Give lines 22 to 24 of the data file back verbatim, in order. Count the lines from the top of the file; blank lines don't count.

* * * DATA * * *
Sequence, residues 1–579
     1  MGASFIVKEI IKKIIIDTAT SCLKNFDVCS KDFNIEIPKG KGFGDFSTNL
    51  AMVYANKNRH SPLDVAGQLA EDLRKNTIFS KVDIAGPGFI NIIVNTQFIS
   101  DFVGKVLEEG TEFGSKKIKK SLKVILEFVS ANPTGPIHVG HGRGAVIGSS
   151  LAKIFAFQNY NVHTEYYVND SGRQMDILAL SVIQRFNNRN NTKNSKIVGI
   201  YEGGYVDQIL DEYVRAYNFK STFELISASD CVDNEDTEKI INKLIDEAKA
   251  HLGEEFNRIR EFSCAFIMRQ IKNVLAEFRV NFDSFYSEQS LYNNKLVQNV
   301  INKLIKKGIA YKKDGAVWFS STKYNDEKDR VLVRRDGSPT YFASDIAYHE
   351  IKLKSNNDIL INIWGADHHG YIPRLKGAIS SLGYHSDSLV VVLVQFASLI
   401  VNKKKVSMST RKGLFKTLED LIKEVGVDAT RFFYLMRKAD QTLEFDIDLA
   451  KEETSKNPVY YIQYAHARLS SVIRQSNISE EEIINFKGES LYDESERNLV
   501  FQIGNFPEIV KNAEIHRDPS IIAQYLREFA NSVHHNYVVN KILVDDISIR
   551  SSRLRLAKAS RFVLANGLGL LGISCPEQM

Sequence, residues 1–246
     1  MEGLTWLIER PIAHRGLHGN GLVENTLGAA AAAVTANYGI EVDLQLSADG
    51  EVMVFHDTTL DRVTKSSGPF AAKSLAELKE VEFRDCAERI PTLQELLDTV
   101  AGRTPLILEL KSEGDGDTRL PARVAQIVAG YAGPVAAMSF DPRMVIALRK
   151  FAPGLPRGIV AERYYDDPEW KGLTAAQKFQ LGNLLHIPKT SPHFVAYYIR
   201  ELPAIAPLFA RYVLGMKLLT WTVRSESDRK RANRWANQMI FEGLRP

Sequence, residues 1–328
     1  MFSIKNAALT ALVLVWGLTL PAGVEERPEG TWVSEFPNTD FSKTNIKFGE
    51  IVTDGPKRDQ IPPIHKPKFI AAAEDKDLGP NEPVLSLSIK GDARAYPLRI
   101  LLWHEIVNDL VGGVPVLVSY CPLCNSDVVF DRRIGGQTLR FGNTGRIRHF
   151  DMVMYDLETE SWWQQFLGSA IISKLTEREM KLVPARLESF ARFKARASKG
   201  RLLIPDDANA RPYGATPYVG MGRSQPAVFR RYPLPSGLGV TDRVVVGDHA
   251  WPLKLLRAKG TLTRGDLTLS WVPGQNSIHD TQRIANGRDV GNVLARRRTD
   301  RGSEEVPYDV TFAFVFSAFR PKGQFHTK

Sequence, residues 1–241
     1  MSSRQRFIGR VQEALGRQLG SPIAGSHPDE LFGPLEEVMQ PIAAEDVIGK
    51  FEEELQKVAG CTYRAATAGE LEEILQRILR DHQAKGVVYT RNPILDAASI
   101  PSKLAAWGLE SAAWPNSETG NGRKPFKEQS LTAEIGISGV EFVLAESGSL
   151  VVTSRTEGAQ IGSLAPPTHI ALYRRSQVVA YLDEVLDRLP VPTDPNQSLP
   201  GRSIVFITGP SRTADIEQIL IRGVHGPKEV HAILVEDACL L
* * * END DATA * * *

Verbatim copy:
    51  IVTDGPKRDQ IPPIHKPKFI AAAEDKDLGP NEPVLSLSIK GDARAYPLRI
   101  LLWHEIVNDL VGGVPVLVSY CPLCNSDVVF DRRIGGQTLR FGNTGRIRHF
   151  DMVMYDLETE SWWQQFLGSA IISKLTEREM KLVPARLESF ARFKARASKG